Memory Games:
The Fun Way to
Exercise your Mind!

Memory games are an effective way to exercise your memory because, as Ralph Smedley said, “We learn best in moments of enjoyment!”

The following games are only a small sample of all the possible games that can improve your memory. Some of them can be done individually, while others involve the participation of a group.

Individual Memory Games

The Game of Pairs

Also known as “Game of concentration,” this game can be played alone or with a partner. I used to think it was only done on computer – because I had seen so many electronic applications – , until I realized you can do it with a simple deck of playing cards.

From a deck of cards, get 15 matching pairs for a total of 30 cards. Mix them up and arrange them, face down, in 5 rows of 6 cards. Turn over 2 cards at a time; if they make a pair remove them; if not, turn them back and try again. The purpose of the game is to remember the location of similar cards and pick up as many pairs as possible.

If you are playing in turn with a partner, the winner is the one with the most cards at the end of the game.

The Phone Number

Using the technique presented in Memory Exercises for remembering numbers, look up a phone number – preferably one that is useful to you – and memorize it.

Test yourself 5 minutes later, one hour later, 6 hours later, 2 days later. Can you still remember it? Out of all the memory games, this is probably one of the most useful ones!


When you have to wait in traffic, at the doctor’s office or at a cash register, limber up your memory by thinking of as many words as possible beginning with a particular letter, then work your way through the whole alphabet. If you want to be more specific, focus your listings one countries, politicians, capital cities, actors, animals, fruit, scientists, trees, rivers, or anything that tickles your fancy!

This game can also be played as a group and in writing.

Group Memory Games

The Sentence

Each person in turn adds a word to a sentence that is gradually created after repeating the previous words. For instance, Player 1 says “Today”; Player 2 says “Today people”; Player 3 says “Today people believe”, and so on until the sentence is so long that no one in the group can remember it completely!

The Grocery List

This game, similar to The Sentence, consists of a grocery list, starting with the words: “I went to the store and bought…” Each time the complete list must be repeated and a new item is added at the end. Complicated items, such as “352 grams of red lentils”, make the game more challenging hence more entertaining!

Picture Description

Player 1 looks at a picture and, after the picture has been taken away, describes it to Player 2. Player 2, who hasn’t seen the picture, describes it to Player 3. Player 3 then describes it back to Player 1. You can add more players if you want to. Memory games of this type done in front of a group can be very amusing. Of course, all subsequent players after Player 1 can only hear the one specific description presented to them.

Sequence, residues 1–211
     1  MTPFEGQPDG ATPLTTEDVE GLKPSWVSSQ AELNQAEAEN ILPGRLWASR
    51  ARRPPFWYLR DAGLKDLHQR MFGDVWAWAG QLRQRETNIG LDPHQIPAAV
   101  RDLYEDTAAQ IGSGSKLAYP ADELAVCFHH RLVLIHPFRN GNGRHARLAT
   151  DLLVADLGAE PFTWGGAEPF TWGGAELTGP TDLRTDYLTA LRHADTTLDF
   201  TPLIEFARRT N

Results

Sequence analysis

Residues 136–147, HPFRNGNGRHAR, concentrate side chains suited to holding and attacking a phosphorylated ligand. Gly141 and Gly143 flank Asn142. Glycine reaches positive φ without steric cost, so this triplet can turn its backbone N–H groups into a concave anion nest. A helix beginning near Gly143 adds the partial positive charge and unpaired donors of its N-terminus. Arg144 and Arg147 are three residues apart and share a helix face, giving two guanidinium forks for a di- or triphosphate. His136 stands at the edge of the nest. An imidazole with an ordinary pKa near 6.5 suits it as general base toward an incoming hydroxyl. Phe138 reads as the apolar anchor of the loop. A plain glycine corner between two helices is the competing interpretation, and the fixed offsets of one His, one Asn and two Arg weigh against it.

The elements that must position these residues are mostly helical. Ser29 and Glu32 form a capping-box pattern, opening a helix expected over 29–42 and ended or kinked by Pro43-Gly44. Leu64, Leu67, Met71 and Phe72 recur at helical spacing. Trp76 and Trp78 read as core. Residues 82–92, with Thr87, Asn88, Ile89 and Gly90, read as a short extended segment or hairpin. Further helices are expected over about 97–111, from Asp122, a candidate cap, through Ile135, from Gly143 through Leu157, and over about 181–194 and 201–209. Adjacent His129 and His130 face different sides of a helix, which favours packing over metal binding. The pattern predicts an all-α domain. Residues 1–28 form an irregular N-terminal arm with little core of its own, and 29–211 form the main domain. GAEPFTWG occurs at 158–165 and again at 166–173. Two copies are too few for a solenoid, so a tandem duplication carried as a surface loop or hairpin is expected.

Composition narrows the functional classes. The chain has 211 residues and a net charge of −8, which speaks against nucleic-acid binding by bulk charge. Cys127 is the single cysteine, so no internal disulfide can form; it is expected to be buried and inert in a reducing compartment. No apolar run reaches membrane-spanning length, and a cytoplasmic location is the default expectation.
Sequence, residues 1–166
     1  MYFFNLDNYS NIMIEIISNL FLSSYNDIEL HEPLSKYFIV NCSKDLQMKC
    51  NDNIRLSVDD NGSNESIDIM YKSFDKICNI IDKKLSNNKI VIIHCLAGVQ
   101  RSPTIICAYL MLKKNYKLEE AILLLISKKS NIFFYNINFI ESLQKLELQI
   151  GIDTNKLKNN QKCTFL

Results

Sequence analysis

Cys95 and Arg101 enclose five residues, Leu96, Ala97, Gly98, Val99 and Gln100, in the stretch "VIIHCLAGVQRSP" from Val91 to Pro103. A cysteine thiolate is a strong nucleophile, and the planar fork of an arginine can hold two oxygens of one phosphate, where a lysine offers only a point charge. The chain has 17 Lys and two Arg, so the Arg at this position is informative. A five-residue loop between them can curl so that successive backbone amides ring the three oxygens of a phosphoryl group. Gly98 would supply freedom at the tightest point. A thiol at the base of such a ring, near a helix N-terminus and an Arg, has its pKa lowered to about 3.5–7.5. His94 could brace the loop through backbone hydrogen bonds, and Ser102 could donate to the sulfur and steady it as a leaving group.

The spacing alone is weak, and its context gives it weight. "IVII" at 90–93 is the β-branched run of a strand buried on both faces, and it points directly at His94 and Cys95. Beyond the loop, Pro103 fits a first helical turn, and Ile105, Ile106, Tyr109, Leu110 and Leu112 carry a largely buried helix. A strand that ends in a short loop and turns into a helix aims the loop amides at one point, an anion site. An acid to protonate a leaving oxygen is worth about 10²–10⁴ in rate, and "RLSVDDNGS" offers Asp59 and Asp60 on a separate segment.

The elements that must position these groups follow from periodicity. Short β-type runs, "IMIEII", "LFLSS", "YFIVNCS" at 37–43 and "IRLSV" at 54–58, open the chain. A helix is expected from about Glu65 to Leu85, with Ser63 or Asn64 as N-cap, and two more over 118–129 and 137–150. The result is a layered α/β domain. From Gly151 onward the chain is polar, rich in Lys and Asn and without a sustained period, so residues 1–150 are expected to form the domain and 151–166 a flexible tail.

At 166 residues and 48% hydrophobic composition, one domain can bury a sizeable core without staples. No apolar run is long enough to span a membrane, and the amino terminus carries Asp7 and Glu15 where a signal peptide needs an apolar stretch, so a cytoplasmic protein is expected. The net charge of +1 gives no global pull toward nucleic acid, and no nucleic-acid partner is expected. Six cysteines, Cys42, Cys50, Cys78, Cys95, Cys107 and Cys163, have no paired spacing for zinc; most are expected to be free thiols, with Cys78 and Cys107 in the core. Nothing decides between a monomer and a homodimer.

The picture should have enough elements to make it interesting, such as the image found with the Memory Technique article. You may want to practice with this image.

Who is Missing?

This game works better with a relatively large group (more than 15 people).

The Player leaves the room. Meanwhile, one or two group members hide. Upon returning, the Player has to name who is missing.

What has Changed?

The group is first being asked to look around a room and remember where everything is located. When all members have left the room, the game leader changes the location of various objects and makes a list of what has changed.

When the group is back, each person must write down what has changed, and lists can then be compared or marked.

The game can also be done by changing something on one or more people, such as hair, clothes, accessories, etc.

False Memories

Sometimes word associations create false memories. Try to “implant” a memory by asking people to remember the words on list 1. Wait about five minutes, then probe their memory by asking them which words on list 2 they remember.

List 1: read, pages, letters, school, study, reading, stories, sheets, cover, pen, pencil, magazine, paper, words

List 2: house, pencil, apple, shoe, book, flag, rock, train, ocean, hill, music, water, glass, school

Many tend to say that “book” was on list 1, even though only pencil and school were on list 1. Now, try these words:

List 1: sheets, pillow, mattress, blanket, comfortable, room, dream, lay, chair, rest, tired, night, dark, time

List 2: door, tree, eye, song, pillow, juice, orange, radio, rain, car, sleep, cat, dream, eat

Only pillow and dream were on list 1, but they may believe that “sleep” was also included.

Make up your own lists and see if you can create a false memory.

Be Creative

The above memory games should give you an idea on how you can play with your memory. Don't stop there. Let your imagination guide you and find your own games. Enjoy and remember to have fun!

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